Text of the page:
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College Survival Vocabulary
Basic College vocabulary for new undergraduate students.
Terms in this set (38)
Certification that a school or an instructional program meets standards set by an outside reviewing organization.
Approval for a student to attend an educational institution.
A member of the college faculty or staff who assists students with planning quarter or semester schedules as well as their overall programs of study.
A method of determining a student's knowledge or skill level.
The first step in requesting admission to an institution of higher education. Usually there is a form to fill out by a certain deadline; sometimes there is an fee to pay.
A student who attends a course formally registers for it and attends class sessions but earns no credit and has no obligation to complete homework projects or take tests.
A college degree which can often be earned by following a four-year instructional program (in a 4-year college).
The land and buildings that a college or university uses for instruction or student services.
The ceremony at the end of an academic year when students receive their degrees or diplomas (compare to graduation).
A unit of measure for college work. Generally speaking, one _____ hour represents one hour of classroom attendance each week for one term, plus the study time, homework, etc. that go along with it.
An academic administrator or official at a school, college, or university, especially one with responsibility for students or faculty.
A rank conferred by a college or university and earned by a student who has successfully completed specified courses and requirement.
To cancel registration in a course after enrolling into it. Students often add and drop courses before settling on a class schedule for a particular quarter or semester. See also withdrawal.
A course that is not required for a particular instructional program. Many programs require a certain number of complementary credits, and many recommend certain complementary courses for students to choose from.
The process of signing up and paying for courses. See also registration.
The instructors or teaching staff at a school.
A student in the first year of a typical four-year baccalaureate degree program (or one who has earned fewer than 45 quarter credits or 30 semester credits so far).
The _____ is computed by multiplying the number value of the grade earned in each course (generally, A=4, B=3, C=2, D=1, F=0) times the number credits for each course, then dividing the result by the total number of credits taken.
A type of financial aid that does not have to be paid back after the student leaves school. They are available through the federal government, state agencies, and educational institutions.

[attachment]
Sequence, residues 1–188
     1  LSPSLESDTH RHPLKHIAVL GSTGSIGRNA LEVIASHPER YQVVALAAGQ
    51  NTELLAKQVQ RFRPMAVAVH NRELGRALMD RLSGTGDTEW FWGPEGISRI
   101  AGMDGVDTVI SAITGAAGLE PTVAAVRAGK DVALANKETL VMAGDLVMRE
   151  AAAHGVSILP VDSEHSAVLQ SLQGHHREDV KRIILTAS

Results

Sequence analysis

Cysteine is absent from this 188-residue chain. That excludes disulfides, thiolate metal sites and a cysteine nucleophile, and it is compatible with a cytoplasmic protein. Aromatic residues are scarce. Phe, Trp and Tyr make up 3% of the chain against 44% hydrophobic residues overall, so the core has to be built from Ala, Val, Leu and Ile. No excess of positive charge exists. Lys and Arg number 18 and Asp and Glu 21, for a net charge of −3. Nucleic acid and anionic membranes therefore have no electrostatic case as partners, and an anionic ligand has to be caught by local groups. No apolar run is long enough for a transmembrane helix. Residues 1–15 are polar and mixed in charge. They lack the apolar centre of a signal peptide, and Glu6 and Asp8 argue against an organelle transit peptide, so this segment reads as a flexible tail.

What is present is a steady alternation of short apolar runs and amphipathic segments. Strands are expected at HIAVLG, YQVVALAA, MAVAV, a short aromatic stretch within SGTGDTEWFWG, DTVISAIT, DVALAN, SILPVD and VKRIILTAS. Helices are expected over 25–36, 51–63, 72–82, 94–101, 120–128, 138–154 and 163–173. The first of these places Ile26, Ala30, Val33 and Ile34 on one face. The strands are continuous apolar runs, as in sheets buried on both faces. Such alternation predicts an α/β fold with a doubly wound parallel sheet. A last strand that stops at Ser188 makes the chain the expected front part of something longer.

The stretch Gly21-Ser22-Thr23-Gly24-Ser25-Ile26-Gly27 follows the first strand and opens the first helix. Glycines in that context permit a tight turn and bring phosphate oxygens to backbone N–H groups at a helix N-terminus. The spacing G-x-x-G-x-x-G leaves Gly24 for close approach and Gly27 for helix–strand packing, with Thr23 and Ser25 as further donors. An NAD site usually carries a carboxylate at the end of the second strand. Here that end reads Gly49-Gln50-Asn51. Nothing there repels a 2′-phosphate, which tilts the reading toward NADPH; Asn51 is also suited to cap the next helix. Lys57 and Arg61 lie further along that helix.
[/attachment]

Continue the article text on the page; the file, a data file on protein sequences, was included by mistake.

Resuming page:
A supervised short-term apprenticeship or temporary job in a real-world setting closely related to a student's field of study. The student may or may not be paid but earns college credit for the work experience. See also practicum.
A student in the third year of a typical four-year baccalaureate degree program (or one who has earned 90-135 quarter credits or 60-90 semester credits so far).
A type of financial aid that must be repaid to the government agency or other lending organization when the student leaves school.
Specialization in one academic discipline or field of study.
A course that must be completed (often with a certain minimum grade) or a skill that must be demonstrated before a student can enroll in a more advanced course.
Some schools organize the academic year into three main periods - Fall, Winter, and Spring _____ - plus a shorter Summer _____ (compare to semester).
Refers to all the information the college might keep regarding a student; it includes registration activity (enrollment, withdrawal, etc.), grades, payments, awards received, financial aid applications and award notices, and notes on disciplinary actions, as well as address, phone number, and student identification number.
A type of financial aid. Organizations may give these according to academic achievement, financial need, or any other basis. Usually there is a competitive application process.
Some schools organize the academic year into two main periods-Fall and Spring _____ -plus a shorter Summer _____ (compare to quarter).
A student in the fourth year of a typical four-year baccalaureate degree program (or one who has earned 135-180 quarter credits or 90-120 semester credits so far).
A student in the second year of a typical four-year baccalaureate degree program (or one who has earned 45-90 quarter credits or 30-60 semester credits so far).
An outline plan for a particular class, including textbook requirements, class meeting dates, reading assignments, examination dates, the instructor's grading standards, etc.
A unit of time that can refer to either a quarter or a semester, depending on which system the college or university follows.
An official record of the courses and semester or quarter credits a student has taken at a college or university, the grades and degrees or certificates earned, and any awards and honors received.
tuition and fees
A student's basic payment towards the cost of instruction at a college or university. Most institutions also charge these for laboratory equipment and materials, computer use, parking, and other miscellaneous costs.
A student who has not yet earned a bachelor's degree; also refers to the courses and instructional programs such a student enrolls in.
The process of formally dropping a class or classes after the term has started.
A type of financial aid which pays students to work part-time, often on campus, during the academic year.
Money available from various sources to help students pay college expenses These funds come as loans, grants, or scholarships from the state or federal government or other organizations. Work-study is also a form of this.